The 2016/2017 budget should be aware that amounts set for capitation grants of TShs.10,000 for primary schools and 20,000 for secondary schools were planned many years ago, therefore, have been passed by time and events such as inflation and increased demand for education provision.

Therefore, there is a need to increase amount of capitation grant. The unit cost survey undertaken recently by MOESTV should inform this budget to allocate new capitation grant.

Recognizing the adverse effects of the challenges in inadequate resources in implementation of various projects in social and economic sectors, the following policy recommendations are forwarded:

(a) Mobilising domestic resource mobilisation: I am aware that the government is implementing cost cutting measures in various ways in order to increase its revenue to implement its programmes.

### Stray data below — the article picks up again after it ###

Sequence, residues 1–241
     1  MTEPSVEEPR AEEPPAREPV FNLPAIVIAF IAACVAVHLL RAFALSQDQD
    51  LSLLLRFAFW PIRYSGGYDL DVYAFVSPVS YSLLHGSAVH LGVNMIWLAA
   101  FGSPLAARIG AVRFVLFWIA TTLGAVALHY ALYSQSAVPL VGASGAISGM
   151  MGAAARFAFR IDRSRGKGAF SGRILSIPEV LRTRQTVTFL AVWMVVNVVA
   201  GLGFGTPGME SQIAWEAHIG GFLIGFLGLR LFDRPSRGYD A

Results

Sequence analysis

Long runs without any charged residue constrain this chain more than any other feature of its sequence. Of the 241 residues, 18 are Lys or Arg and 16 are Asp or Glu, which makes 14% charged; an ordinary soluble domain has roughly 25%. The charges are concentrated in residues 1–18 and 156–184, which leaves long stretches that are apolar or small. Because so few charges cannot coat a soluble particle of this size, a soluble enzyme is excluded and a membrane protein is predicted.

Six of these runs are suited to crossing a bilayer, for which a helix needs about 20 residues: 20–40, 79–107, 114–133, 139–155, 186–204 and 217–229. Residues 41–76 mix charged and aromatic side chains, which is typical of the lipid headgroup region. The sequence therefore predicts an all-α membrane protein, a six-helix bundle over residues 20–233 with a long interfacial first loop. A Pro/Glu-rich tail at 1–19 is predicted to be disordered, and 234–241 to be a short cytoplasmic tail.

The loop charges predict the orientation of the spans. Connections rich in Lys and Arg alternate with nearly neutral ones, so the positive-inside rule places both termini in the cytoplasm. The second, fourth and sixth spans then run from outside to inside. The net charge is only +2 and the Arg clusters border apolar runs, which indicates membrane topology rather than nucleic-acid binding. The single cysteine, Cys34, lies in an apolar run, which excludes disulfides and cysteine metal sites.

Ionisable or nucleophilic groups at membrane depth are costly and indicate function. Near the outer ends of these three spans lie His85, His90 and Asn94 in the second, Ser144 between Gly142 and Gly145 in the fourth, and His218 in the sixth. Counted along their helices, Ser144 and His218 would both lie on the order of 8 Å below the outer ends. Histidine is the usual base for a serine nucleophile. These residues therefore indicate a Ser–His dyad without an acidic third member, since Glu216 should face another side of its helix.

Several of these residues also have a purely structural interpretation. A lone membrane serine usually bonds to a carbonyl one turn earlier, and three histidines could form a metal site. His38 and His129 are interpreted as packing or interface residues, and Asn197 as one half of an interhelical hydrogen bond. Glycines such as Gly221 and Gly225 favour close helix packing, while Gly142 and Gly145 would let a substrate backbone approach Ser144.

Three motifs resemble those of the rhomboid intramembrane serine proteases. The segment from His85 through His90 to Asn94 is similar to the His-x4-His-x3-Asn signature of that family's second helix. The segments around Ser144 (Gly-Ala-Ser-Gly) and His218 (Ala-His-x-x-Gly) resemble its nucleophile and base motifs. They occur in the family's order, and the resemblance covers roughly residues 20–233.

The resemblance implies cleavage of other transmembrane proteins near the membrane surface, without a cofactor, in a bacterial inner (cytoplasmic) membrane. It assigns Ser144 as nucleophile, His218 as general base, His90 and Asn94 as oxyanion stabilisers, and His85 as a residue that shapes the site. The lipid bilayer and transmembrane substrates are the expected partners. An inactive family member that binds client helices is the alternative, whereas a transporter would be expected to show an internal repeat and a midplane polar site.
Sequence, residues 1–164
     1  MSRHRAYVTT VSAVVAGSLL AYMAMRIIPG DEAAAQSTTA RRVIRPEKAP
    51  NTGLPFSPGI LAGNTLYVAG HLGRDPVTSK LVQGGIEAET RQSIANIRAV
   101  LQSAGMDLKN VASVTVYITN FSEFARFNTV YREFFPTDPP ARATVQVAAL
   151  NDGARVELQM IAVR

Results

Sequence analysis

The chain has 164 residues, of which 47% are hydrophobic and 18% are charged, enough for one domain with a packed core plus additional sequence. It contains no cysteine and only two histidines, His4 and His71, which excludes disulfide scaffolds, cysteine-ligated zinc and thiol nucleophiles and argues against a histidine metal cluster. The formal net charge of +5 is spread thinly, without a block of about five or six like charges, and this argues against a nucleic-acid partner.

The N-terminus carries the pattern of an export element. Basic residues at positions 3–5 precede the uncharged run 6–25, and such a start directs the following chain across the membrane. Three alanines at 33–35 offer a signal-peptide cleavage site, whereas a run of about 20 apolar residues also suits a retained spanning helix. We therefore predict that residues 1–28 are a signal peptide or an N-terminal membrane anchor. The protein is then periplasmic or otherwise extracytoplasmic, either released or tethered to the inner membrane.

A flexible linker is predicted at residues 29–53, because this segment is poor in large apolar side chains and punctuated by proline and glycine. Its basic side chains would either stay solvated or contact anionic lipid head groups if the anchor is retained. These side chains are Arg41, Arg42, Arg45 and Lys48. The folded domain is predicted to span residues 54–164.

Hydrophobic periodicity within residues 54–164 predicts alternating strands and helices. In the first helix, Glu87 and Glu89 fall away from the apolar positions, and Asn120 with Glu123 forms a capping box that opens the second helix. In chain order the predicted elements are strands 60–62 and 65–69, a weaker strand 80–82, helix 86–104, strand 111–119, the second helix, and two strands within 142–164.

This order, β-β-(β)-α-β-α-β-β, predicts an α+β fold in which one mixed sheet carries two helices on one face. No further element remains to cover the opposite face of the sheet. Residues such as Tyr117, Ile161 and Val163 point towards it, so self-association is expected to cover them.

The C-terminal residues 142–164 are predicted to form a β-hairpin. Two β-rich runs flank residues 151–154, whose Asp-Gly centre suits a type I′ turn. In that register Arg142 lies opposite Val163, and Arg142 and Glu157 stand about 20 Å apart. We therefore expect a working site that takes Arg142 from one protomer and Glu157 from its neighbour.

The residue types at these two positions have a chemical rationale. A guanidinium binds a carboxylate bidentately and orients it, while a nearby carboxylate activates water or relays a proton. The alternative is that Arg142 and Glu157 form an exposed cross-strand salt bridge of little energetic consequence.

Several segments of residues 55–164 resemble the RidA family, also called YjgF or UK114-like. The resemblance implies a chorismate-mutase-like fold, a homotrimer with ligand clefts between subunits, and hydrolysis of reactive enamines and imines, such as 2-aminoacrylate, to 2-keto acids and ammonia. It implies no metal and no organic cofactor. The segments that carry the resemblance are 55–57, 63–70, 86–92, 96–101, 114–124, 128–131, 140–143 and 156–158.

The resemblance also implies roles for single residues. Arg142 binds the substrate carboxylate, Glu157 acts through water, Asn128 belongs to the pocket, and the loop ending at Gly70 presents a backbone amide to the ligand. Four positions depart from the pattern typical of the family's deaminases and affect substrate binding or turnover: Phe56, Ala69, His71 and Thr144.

However, we need to have devise sustainable sources of revenue including expanding our tax base, formalizing our sectors – many people do not pay tax though they undertake informal income generating activities, to prioritise our activities and programmes, to enhance discipline in expenditure, to intensify fight against corruption and avoid tax exemptions.

(b) Reduce dependence on external financing: For a number of years our budget have been dependent on external financing. As a result many of our development projects have been non-starter due to lack of funding when development partners do not honour their commitments.